What is the UK's contribution to Portuguese rescue?
First of all, it does now look as though the implied UK contribution to the Portuguese bailout will be around 4.8bn euros or £4.2bn (in line with what I've been saying).
That is because European Union finance ministers meeting in Budapest today are working on the assumption that Portugal will ask for 80bn euros of rescue finance, and that this will eventually be provided on a similar basis to the Irish rescue.
So a third of the fund would come from the European Financial Stabilisation Mechanism (EFSM), a third from the European Financial Stability Facility (EFSF) and a third from the IMF.
The UK has no exposure to the EFSF, which is a fund backed only by eurozone members. However we have an exposure of just over 13.5% to the EFSM and of 4.5% to any money provided by the IMF.
Which means that the UK would be on the hook for a little bit less than 5bn euros for the Portuguese rescue.
That said, of this sub 5bn euros exposure, the UK's 3.6bn euros or so participation through the EFSM can be seen as pretty indirect.
Here is why.
The EFSM raises money from investors against the spare capacity in the European Union's budget. So if Portugal were to default on money borrowed from the EFSM, the first loss would fall on the EU's budget - which would only hurt us to the extent that we are a member of the EU and available resources for the whole EU would be depleted.
There would be a direct cost to the UK only if the loss generated by a Portuguese default were to exceed the available resources in the EU. Our contribution, should the EU's budgetary funds be exhausted, would be just over 13.5% of any incremental loss (because our contribution to the EU's budget is just over 13.5%).
I know this is complicated, but it does mean that there would have to be a cascade of accidents before the British taxpayer incurred any direct loss from Portugal's woes. Portugal would have to default. And the cost of that default would have to tip the EU's budget into the red before there was any draw down from the UK exchequer.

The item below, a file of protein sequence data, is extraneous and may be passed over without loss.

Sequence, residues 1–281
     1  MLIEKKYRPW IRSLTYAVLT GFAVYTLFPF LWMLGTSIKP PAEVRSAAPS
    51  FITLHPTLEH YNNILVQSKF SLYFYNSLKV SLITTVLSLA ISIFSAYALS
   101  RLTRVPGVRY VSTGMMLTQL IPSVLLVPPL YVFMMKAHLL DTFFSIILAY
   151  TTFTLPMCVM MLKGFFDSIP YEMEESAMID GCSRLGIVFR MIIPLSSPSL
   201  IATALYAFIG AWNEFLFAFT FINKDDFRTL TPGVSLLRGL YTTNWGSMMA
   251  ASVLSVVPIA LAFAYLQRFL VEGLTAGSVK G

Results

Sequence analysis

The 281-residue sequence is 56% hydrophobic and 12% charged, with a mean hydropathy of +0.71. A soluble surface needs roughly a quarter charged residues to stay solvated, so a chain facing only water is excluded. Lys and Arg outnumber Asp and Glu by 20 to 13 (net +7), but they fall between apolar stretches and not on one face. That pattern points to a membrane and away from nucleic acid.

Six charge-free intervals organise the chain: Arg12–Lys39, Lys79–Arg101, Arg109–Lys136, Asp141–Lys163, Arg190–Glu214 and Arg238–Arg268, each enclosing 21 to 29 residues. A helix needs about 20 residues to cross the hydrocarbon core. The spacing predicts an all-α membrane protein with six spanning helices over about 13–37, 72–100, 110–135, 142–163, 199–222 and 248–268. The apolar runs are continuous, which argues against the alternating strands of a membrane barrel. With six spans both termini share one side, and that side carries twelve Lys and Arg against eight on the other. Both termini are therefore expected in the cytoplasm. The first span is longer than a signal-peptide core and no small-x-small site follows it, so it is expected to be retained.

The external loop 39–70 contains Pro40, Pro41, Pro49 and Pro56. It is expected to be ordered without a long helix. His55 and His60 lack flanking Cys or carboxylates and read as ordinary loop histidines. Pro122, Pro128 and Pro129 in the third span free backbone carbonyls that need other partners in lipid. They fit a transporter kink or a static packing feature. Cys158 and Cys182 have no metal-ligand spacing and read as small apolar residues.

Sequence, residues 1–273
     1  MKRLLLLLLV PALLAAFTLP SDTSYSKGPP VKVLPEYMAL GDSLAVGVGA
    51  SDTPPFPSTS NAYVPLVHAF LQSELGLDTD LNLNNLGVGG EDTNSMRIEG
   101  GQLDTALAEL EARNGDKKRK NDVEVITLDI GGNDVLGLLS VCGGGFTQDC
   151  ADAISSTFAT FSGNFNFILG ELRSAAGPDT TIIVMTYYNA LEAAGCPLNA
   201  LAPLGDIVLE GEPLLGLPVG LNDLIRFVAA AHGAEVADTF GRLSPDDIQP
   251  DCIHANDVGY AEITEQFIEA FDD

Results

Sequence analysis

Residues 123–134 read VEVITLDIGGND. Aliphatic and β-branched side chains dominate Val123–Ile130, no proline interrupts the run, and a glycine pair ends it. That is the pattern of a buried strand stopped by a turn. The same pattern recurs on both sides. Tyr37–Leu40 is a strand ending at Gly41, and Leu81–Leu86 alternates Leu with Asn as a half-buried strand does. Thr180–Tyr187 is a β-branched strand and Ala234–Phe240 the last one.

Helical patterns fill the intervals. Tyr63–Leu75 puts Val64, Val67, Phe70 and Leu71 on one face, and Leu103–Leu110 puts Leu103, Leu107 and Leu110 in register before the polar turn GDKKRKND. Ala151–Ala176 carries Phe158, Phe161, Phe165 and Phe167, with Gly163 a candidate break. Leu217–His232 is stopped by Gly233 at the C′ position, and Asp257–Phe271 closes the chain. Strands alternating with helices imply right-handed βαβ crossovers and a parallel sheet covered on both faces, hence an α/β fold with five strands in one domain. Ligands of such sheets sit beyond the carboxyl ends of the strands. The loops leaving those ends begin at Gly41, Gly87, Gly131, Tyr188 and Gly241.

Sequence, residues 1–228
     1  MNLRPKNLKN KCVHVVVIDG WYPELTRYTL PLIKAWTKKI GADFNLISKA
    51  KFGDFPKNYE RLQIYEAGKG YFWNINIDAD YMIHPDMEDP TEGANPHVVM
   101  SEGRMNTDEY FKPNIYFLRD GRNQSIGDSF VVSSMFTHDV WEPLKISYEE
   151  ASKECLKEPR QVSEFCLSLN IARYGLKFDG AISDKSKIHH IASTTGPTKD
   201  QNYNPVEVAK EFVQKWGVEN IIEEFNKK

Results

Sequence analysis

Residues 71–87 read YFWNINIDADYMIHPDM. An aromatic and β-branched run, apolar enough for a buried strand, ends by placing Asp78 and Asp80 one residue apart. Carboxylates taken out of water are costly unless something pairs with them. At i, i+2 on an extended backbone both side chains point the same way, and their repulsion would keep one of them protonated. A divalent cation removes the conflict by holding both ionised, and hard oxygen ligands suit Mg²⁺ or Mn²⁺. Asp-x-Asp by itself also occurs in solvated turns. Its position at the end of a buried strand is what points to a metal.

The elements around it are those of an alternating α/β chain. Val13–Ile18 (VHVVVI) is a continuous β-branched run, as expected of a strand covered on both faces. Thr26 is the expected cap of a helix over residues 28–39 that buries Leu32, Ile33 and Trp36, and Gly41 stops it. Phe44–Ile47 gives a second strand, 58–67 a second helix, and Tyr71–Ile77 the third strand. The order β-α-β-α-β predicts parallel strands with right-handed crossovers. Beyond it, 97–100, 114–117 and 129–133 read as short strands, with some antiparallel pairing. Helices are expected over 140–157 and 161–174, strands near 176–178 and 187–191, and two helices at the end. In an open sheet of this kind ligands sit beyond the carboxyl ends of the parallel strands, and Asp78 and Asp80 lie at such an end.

Which is certainly not an impossible chain of events. But nor is it a sure thing.
That said, as I mused on the Today Programme this morning, the outrage felt by those Tories who implacably and forever oppose UK membership of the eurozone is understandable.
Their position is that the UK contributes to the EU's budget on the basis that the budget is deployed for the benefit of all the EU - not for the benefit of a subset, those who are members of the eurozone.
They are furious that Alistair Darling when chancellor gave permission for the EU budget to be deployed for eurozone rescues via the EFSM just before the general election. And they are pretty cross with the current chancellor, George Osborne, because they are convinced that as shadow chancellor he gave Mr Darling the nod that this would be okay.
All of which puts the Chancellor, George Osborne, in an awkward spot - even though there is no question of the UK providing bilateral assistance to Portugal, in the way it did for Ireland.
It explains why the Chancellor, George Osborne, hastily re-arranged his schedule to go to Budapest for today's EU finance minister's meeting, after Portugal's caretaker prime minister, Jose Socrates, announced on Wednesday night that his country would be applying for financial help (the Treasury minister Mark Hoban had originally been scheduled to stand in for the chancellor).
There are a couple of other points of a slightly less parochial nature that are worth making.